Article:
G.H. Yang1*, J.Y. Chen2 and W.Q. Pu1
1 Phytopathology Lab of Yunnan Province, Yunnan Agricultural University, Kunming 650201, China
2 Yunnan Tobacco Company, Kunming 650000, China
Accepted: 08 Sep 2006
During July 2004, head rot of cabbage (Brassica oleracea var. capitataare) and web-blight of snap bean (Phaseolus vulgaris) were frequently observed in Dehong district in southern Yunnan Province, China. Affected cabbages had a dark, sometimes wet decay at the bases of outer leaves and on emerging cabbage heads (Fig. 1). The outer leaves later collapse. A brown mycelium appeared on affected parts after damp weather with occasional small brown sclerotia on the cabbage head. The first symptoms on snap bean were small, circular, watersoaked spots on stems, pods, and foliage, later tan-brown with a dark border, up to 2cm across (Fig. 1). Irregular, light brown sclerotia and a fine mycelium develop as plants become seriously blighted. Affected plant parts from cabbage and snap bean were surface-sterilised and plated on potato dextrose agar. Rhizoctonia solani was recovered consistently. All cabbage and snap bean isolates anastomosed with tester isolates of subgroups HG-I, HG-II, and HG-III within AG-4, giving a C2 hyphal fusion reaction (Carling, 1996). The 5.8s rDNA-ITS of four cabbage and snap bean isolates (CA-04-1, CA-04-2, SB-04-1 and SB-04-2 respectively) matched isolates of R. solani AG-4, subgroup HG-I (Kuninaga et al., 1997; Fig. 2).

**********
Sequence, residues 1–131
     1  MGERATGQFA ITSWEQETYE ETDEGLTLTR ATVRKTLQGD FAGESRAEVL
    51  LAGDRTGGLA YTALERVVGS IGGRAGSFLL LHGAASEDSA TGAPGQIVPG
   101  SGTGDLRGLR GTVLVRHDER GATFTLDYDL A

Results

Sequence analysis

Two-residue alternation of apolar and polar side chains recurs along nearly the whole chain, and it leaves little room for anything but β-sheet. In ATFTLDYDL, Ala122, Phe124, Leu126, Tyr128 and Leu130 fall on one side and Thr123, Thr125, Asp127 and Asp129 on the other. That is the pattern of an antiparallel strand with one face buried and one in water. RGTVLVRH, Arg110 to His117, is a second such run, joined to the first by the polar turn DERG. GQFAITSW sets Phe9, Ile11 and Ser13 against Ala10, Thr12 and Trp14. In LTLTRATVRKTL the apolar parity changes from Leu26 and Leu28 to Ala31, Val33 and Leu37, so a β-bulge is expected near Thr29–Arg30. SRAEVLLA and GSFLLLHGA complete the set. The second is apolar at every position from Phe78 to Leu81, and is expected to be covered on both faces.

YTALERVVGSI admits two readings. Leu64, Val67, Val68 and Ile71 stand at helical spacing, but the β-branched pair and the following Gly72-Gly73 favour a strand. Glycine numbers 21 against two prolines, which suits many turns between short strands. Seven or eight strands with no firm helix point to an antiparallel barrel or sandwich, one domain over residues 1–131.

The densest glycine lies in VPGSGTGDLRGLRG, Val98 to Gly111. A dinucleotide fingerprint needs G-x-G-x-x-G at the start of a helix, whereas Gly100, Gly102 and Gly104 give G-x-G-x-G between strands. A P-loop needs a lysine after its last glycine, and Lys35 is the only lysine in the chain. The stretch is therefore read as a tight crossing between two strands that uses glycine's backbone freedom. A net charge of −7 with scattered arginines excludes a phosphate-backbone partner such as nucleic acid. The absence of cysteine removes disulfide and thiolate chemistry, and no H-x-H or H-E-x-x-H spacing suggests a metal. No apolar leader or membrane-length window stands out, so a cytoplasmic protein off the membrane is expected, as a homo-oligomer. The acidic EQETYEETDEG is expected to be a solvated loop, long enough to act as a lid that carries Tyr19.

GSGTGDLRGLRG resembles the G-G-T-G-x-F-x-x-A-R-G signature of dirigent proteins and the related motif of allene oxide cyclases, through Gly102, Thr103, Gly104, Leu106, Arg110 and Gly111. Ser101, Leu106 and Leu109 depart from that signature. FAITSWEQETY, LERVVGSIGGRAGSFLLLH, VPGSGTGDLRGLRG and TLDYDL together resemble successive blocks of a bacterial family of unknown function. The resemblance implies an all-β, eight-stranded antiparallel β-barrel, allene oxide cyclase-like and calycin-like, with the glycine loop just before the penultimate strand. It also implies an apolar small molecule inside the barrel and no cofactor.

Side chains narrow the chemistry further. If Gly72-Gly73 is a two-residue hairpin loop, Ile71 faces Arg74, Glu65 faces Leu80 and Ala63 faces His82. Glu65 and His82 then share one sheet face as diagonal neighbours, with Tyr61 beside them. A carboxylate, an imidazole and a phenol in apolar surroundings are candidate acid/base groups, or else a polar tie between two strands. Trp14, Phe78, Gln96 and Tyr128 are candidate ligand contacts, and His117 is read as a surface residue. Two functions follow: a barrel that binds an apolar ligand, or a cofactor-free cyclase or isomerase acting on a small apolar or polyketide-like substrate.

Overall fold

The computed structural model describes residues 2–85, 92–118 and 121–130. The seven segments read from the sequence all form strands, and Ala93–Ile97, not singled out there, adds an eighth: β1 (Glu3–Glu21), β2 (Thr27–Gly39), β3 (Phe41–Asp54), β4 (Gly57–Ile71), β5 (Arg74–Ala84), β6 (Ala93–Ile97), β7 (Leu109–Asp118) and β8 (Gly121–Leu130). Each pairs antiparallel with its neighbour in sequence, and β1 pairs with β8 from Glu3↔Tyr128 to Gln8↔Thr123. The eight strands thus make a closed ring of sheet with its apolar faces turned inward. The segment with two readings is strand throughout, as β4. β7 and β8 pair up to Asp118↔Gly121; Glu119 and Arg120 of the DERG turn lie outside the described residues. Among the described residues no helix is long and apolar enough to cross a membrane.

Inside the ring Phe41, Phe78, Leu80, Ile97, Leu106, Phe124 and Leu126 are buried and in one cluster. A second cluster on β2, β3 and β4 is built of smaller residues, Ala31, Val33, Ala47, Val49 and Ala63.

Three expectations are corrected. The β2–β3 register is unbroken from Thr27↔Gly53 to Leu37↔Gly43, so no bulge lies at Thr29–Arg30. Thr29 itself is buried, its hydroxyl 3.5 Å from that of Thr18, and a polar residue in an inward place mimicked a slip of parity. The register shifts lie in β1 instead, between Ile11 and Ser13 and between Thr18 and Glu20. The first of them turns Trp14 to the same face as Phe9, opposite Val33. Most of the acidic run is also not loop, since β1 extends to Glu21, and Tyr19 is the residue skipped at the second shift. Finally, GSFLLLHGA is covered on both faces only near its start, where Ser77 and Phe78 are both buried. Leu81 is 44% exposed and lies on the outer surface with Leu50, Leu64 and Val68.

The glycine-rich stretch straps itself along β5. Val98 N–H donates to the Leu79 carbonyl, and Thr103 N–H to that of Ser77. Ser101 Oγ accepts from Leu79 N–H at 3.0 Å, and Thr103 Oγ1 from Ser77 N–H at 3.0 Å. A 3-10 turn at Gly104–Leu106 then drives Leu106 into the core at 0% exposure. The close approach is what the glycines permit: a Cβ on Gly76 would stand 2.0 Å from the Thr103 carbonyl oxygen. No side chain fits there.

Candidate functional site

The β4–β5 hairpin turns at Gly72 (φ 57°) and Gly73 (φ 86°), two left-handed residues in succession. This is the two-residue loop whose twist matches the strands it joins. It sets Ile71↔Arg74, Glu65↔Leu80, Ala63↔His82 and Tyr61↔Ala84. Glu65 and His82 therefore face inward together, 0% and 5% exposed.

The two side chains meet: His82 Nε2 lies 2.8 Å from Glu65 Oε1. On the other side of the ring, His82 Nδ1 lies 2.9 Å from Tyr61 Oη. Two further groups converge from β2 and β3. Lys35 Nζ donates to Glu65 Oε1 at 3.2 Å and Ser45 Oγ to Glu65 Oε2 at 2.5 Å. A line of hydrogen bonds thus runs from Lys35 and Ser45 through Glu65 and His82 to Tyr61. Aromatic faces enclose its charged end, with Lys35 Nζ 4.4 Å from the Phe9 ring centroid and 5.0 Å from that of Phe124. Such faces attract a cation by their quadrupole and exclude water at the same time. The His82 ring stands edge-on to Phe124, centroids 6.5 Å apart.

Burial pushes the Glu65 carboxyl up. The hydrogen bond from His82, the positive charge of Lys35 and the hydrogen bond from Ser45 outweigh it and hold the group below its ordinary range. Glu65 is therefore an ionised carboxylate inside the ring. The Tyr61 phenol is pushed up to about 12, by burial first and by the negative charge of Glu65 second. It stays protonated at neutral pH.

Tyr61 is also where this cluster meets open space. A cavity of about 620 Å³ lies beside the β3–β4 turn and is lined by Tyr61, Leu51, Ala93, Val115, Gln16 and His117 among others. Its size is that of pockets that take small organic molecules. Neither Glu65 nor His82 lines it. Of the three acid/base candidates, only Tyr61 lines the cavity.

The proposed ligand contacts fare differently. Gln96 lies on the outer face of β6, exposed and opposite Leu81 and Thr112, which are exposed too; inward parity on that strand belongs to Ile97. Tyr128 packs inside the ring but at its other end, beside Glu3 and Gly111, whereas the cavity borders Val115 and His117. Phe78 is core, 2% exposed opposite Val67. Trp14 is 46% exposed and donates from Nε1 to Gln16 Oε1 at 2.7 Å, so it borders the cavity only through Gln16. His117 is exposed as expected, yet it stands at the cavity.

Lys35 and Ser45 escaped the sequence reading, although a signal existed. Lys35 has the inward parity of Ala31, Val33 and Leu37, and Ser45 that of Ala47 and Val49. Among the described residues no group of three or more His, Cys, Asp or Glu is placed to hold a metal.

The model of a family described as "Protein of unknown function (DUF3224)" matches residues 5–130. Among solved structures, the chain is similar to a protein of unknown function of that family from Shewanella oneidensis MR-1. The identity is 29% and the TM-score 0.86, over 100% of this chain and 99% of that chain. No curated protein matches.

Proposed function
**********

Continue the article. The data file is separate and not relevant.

Cabbage heads and snap bean green pods were inoculated with two of their respective isolates grown on 4 days-old PDA. After covering with moist cotton to avoid drying out, test plants were held in a greenhouse with ca. 28°C-16h day and 15°C-8h night. Plugs of sterile PDA were placed on cabbage and snap bean plants as controls. These remained healthy while, within one week, inoculated cabbage and snap bean plants showed similar symptoms to those seen naturally. R. solani was reisolated from these plants, confirming its pathogenicity.
This is first report of Rhizoctonia solani AG 4 HG-I in China causing head rot of cabbage and web-blight of snap bean. AG-A infects snap bean in China (Yang et al., 2005) and AG-4 in Iran (Balali & Kowsari, 2004), but through root infections. R. solani routinely affects cabbages and further study is needed to compare the pathogenicity of isolates in relation to their sub-groups.
The research is supported by the 973 program (2006CB100200)
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©2006 The Authors